Joel Reichenberger: Wrestling’s future is daunting

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Joel Reichenberger

Steamboat Pilot & Today sports reporter and photographer Joel Reichenberger can be reached at 871-4253 or jreichenberger@SteamboatToday.com.

Find more columns by Joel here.

— It’s hard not to fall in love with wrestling at the state tournament. Rarely, if ever, is the passion of high school sports put on such grand display as it is at Denver’s Pepsi Center, where hundreds of athletes take the mats and let their power and emotion fly.

Still, I worry about the future of the sport in Routt County, and that’s why I applaud its three high school coaches here now.

When I started digging into the history of Routt County wrestling, I did so sure that I was going to prove Treyben Letlow was one of, if not the very best, Tiger to ever take to the mats.

Letlow entered the state tournament with a 67-match winning streak and the chance to win back-to-back championships.

But one thing in my research was immediately apparent: Treyben Letlow is a very unique athlete with amazing skills, but he only joins, not defines, the list of great Routt wrestlers.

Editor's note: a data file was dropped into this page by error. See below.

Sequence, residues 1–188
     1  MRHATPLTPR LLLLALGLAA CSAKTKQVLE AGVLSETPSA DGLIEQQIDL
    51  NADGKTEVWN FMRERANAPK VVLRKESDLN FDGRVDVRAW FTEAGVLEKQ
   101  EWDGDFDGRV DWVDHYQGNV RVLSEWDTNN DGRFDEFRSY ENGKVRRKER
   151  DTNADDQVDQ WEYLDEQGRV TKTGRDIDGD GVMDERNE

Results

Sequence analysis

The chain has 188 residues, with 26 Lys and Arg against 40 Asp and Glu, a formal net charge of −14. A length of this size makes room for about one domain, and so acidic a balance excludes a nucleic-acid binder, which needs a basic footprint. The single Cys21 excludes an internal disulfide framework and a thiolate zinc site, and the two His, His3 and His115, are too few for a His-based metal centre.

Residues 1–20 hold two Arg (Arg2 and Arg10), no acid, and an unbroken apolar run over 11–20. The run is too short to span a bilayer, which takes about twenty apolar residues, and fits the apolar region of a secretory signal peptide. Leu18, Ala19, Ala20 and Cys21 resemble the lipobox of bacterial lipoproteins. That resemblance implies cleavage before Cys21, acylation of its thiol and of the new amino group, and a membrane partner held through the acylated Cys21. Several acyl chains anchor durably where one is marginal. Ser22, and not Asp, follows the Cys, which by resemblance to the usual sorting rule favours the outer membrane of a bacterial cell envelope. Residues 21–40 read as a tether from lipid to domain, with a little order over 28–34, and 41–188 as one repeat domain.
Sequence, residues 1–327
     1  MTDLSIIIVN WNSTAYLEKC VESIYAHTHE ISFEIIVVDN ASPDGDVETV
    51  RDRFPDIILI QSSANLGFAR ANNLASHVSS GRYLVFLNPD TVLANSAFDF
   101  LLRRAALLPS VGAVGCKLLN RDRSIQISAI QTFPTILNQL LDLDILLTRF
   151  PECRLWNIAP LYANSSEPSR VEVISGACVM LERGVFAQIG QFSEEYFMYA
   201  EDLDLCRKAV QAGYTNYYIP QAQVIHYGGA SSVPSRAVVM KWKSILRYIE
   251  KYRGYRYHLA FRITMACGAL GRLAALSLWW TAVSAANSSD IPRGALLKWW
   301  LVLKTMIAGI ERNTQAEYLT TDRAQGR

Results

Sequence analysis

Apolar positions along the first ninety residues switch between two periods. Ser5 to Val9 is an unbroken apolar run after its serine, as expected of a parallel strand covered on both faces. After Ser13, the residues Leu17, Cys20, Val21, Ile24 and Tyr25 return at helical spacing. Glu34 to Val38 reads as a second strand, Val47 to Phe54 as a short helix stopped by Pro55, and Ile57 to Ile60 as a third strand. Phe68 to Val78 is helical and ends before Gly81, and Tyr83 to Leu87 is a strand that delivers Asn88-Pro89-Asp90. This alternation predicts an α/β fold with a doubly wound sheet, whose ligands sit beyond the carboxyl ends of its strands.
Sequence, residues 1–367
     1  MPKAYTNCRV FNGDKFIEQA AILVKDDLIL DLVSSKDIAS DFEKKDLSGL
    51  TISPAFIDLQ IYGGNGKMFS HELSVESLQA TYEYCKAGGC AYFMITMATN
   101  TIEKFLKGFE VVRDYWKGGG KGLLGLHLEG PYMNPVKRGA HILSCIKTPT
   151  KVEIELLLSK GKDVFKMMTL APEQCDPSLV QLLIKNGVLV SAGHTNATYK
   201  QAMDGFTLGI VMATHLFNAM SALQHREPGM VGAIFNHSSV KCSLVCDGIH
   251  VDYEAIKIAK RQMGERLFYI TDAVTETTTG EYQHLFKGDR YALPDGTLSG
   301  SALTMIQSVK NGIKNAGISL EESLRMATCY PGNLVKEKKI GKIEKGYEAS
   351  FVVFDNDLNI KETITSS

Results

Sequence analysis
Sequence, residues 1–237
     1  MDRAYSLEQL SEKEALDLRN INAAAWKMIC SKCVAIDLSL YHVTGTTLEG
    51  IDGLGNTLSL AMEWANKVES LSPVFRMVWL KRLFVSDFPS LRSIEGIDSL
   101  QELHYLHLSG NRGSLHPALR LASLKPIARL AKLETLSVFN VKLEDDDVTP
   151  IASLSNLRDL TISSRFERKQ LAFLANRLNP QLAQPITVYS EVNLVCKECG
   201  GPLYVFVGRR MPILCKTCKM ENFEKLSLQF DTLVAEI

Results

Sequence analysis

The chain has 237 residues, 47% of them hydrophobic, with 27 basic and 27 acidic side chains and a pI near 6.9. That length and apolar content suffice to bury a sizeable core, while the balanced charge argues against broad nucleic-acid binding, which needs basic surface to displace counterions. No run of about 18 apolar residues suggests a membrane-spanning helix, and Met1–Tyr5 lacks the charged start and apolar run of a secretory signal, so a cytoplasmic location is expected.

Steamboat, Hayden and Soroco have combined for 89 individual championships. Great teams and great athletes litter the programs’ histories throughout each decade, at least until the last one.

The schools combined for just two championships in the past 10 years, one being Letlow’s from last year.

Now, all three programs struggle to keep their numbers up. There still are good and great athletes involved. There just aren’t very many.

Hayden coach Ty Cami­lletti, Soroco coach Jay Wha­ley and Steamboat coach Shane Yeager all were great wrestlers themselves.

They know what wrestling meant to them and what it still can mean to young athletes today. All three now work tirelessly for their programs and ensure wrestling’s continued existence, at times by sheer force of will.

Wrestling won’t die in Routt County tomorrow, next year or in five years, but I do fear for it in 10 years and 20 years. Our region has changed. These towns are different towns than they were even 20 years ago, and they produce different kinds of children and athletes.

That’s not necessarily a bad thing. Great athletes still sprout from Steamboat, Hayden and South Routt. I don’t expect that to change.

But I don’t know that the region can ever return to being the breadbasket of state wrestling.

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